Facebook Fuels Ad Tracking By Nagging App Users To Instantly Log In On Safari

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35 million people run into a Facebook email and password login roadblock on iOS each day, and over half of them bounce. That’s why Facebook confirms to me that it’s testing a new tool that lets users log in to Facebook on Safari with one tap, rather than having to type in their credentials — which most don’t. It could ease frustrations for users while boosting Facebook’s ad tracking.

Facebook Safari LoginFormer TechCrunch writer MG Siegler spotted the test, and Facebook responded with details after I inquired.

Users in the test who click external links inside Facebook’s iOS app will be directed to Safari rather than Facebook’s internal browser. Before seeing the site, though, Facebook shows them an interstitial screen begging them to hit a button and instantly log into Facebook on Safari.

The prompt explains that “By tapping ‘Yes’ you can sign in to some websites with one tap, like and comment on the web more easily, and see better ads based on the sites you visit.”

Essentially, Facebook’s OS-level single sign-on allows for instant logins in native apps, but it doesn’t extend to sites inside Safari. Normally you’d have to go through the chore of logging in with your email and password, and possibly have to complete a two-factor authentication. Facebook’s new trick fixes that by slyly passing a login token from its main app into Safari.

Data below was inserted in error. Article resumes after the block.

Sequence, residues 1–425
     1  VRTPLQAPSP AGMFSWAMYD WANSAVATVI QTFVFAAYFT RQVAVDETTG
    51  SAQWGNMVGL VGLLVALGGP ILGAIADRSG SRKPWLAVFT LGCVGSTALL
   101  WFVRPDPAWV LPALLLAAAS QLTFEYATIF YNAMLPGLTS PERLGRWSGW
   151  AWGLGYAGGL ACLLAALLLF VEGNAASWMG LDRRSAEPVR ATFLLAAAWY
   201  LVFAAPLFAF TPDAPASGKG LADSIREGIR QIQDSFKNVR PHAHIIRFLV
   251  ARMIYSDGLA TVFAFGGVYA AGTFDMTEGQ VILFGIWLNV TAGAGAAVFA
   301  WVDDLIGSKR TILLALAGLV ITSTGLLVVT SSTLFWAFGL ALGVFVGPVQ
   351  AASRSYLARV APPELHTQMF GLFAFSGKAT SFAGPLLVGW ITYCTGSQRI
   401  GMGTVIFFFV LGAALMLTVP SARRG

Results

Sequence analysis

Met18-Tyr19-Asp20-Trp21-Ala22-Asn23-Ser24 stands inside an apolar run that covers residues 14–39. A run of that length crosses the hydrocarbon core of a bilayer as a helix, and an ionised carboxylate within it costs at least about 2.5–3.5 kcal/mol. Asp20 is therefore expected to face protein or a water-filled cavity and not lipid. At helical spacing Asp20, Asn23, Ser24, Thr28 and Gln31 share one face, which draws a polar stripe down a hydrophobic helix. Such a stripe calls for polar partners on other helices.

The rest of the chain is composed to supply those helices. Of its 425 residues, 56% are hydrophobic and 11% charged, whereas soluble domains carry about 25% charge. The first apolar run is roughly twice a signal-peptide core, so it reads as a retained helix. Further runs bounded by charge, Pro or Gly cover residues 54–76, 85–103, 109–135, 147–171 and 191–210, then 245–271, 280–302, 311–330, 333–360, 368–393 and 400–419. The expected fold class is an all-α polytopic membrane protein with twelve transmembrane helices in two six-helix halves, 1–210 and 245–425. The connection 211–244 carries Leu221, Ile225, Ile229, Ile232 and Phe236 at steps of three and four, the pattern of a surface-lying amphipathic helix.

So when exactly would this help? Here are a few examples:

Facebook Logged OutIf you’ve ever gotten a Facebook Event link in your email or calendar and tried to open it on an iPhone, you probably loaded that URL in Safari. But when you arrived, you’d annoyingly be asked to log in. Auto-logged in, you’ll immediately see that Event, post or whatever else inside of Facebook.

If you visit a news site on Safari and try to use the Like button to share it, or use Facebook’s commenting widget, you might similarly hit the login roadblock. Instead, you’d instantly be able to share or comment.

If you’ve ever needed to use a website with a Facebook login option like UPS, you’d have to do that manually. With this test, you’d skip the login and go straight to the data permissions.

Those are all nice for users and could boost engagement with Facebook’s content, widgets, and connected web apps. But the real benefit for Facebook is that if you’re logged in on Safari, it can collect information about what websites you visit there.

Visits to sites with some Facebook Connect or ad network integration by signed-in users generate a log of the visit for Facebook. It can use this improve the targeting of ads on its own app based on where you surf. Browse shopping sites, and you could see ads for their products back on the social network.

And that’s why Facebook and Google have such a big advantage. Mobile phones don’t collect traditional browser cookies like desktop computers. But both of these tech giants get users to log in so they know where they surf, even without cookies. And that’s allowing them to dominate mobile ads.